FEDweek

MSPB Defines Consequential Damages

The Merit Systems Protection Board recently issued a precedential decision reducing an administrative judge’s award of consequential damages for an appellant, whom the MSPB found was subjected to whistleblower reprisal when she was demoted.King v. Department of the Air Force, 2015 MSPB 41 (June 10, 2015).

As the prevailing party in an MSPB appeal in which the administrative judge orders corrective action based upon the finding of whistleblower reprisal, the appellant is entitled to an award of “back pay and related benefits, medical costs incurred, travel expenses, and any other reasonable and foreseeable consequential damages.”5 U.S.C. § 1221(g)(1)(A)(ii). The administrative judge awarded as consequential damages moving expenses, job search expenses, the restoration of 280 hours of sick leave and the amount of a compromise of a Veterans Affairs loan resulting in the sale of the appellant’s home at a loss.

In support of the award, the administrative judge found that the appellant could not meet her financial obligations following her demotion.Toward this end, the appellant relocated from Texas to California after being selected for an agency position there.She sold her house in Texas at a loss through a short sale and entered into a compromise with the VA for the outstanding balance of approximately $65,000 on her mortgage.The appellant was not obligated to repay this amount unless she were to obtain another VA loan.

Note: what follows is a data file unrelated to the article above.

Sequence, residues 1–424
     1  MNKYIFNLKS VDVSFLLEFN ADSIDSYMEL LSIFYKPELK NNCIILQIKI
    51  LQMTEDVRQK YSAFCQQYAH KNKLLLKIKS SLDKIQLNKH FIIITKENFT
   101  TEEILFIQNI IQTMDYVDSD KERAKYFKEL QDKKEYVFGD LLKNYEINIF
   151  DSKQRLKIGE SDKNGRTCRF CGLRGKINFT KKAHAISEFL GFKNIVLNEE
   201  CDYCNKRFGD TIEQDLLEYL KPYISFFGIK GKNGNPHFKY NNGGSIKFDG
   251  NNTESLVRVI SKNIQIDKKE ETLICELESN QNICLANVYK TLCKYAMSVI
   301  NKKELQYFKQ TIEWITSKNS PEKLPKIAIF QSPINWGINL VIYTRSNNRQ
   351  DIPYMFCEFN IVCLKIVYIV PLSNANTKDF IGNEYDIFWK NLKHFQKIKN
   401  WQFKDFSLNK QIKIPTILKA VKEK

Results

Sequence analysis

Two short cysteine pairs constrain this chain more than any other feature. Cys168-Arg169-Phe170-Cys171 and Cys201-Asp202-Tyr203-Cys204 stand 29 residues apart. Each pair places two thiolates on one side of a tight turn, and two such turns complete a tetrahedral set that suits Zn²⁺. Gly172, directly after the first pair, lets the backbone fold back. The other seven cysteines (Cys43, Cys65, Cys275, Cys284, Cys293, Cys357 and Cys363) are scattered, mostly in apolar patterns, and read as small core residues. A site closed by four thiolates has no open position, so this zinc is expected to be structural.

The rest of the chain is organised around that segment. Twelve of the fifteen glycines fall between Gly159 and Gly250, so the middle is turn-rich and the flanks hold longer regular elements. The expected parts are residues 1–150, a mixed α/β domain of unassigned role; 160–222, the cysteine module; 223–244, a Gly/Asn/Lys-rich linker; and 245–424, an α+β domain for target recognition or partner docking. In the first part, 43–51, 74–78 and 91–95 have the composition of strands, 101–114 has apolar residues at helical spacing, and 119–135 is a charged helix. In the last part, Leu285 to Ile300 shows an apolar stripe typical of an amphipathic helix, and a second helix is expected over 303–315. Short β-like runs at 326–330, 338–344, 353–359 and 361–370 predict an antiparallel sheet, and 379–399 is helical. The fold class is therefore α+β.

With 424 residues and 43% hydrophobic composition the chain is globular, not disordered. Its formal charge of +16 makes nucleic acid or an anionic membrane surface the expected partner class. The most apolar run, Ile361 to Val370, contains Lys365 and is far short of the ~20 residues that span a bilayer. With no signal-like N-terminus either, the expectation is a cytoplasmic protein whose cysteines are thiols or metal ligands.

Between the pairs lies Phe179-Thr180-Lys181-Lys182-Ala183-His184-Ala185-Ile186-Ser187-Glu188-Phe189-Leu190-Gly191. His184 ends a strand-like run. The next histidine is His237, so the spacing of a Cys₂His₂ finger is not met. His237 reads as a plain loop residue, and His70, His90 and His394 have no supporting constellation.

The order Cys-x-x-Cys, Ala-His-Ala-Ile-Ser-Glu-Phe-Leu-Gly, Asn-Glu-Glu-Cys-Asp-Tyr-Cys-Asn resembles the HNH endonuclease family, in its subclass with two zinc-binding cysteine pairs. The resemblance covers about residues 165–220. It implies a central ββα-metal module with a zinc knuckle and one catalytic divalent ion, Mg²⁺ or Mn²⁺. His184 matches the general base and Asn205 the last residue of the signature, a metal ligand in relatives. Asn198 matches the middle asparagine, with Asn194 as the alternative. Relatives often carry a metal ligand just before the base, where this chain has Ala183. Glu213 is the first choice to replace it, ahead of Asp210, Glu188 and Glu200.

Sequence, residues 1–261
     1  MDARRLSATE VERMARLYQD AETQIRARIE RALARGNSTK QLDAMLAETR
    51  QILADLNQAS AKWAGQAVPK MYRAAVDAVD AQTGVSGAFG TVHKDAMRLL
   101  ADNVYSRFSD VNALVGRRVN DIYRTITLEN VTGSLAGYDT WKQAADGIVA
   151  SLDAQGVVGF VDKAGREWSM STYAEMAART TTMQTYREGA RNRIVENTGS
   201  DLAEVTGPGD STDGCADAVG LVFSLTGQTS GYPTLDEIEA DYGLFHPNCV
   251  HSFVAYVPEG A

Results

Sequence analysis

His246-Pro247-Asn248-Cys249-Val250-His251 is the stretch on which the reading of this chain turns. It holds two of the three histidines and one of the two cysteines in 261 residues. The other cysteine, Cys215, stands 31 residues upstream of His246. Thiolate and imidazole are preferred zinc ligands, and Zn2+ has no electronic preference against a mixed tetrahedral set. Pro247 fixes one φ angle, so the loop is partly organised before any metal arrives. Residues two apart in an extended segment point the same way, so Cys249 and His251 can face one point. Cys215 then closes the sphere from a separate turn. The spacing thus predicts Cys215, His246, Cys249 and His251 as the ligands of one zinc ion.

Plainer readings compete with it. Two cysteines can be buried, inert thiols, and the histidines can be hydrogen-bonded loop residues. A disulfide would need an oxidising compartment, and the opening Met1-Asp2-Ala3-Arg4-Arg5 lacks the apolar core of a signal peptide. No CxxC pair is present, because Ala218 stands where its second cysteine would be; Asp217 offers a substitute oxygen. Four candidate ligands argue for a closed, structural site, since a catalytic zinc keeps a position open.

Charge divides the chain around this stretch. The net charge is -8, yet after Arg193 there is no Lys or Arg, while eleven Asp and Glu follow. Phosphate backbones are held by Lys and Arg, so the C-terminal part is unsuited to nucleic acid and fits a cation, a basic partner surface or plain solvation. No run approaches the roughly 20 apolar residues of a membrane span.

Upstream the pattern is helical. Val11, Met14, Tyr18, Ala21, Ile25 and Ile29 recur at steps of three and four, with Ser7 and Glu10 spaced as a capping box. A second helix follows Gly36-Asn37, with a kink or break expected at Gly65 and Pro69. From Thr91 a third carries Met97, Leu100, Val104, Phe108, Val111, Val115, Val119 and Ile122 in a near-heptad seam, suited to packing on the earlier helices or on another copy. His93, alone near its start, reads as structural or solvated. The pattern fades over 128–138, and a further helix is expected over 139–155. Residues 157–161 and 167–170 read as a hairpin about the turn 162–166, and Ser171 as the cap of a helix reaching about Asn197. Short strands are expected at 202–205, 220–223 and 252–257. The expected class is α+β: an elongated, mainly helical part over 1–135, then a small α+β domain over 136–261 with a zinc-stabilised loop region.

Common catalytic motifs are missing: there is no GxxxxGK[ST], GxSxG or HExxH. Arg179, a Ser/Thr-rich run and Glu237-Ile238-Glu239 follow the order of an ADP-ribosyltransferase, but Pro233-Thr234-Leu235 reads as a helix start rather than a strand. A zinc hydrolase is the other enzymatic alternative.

In limiting the administrative judge’s award of consequential damages, the MSBP applied the Federal Circuit’s conclusions that such damages under § 1221(g) do not include nonpecuniary damages and that the general phrase “any other reasonably and foreseeable consequential [damages]” should be read to cover only items similar in nature to the specific items in the statute, i.e., back pay and related benefits, medical costs incurred and travel expenses, which are causally related to the agency’s prohibited practice.

According to the MSPB, the appellant here failed to show that the compromised VA loan amount was a reasonable and foreseeable consequential damage causally related to the agency’s reprisal.The MSPB found that several intervening events broke the causal link needed to establish an entitlement to consequential damages.It posited that the appellant could have applied for and received a position closer to where she resided, eliminating the need to sell her house.It further suggested that the appellant could have kept her house or might not have had to sell her loss at a loss had she negotiated a different price or had the housing market been stronger.It also held that the appellant did not suffer an actual, compensable pecuniary loss since she did not have to repay the outstanding amount of her VA loan unless and until she wished to be eligible for another VA loan.

The MSPB affirmed the administrative judge’s remaining consequential damages award, including the award of sick leave, which the MSPB found was recoverable as a medical cost.

* This information is provided by the attorneys at Passman & Kaplan, P.C.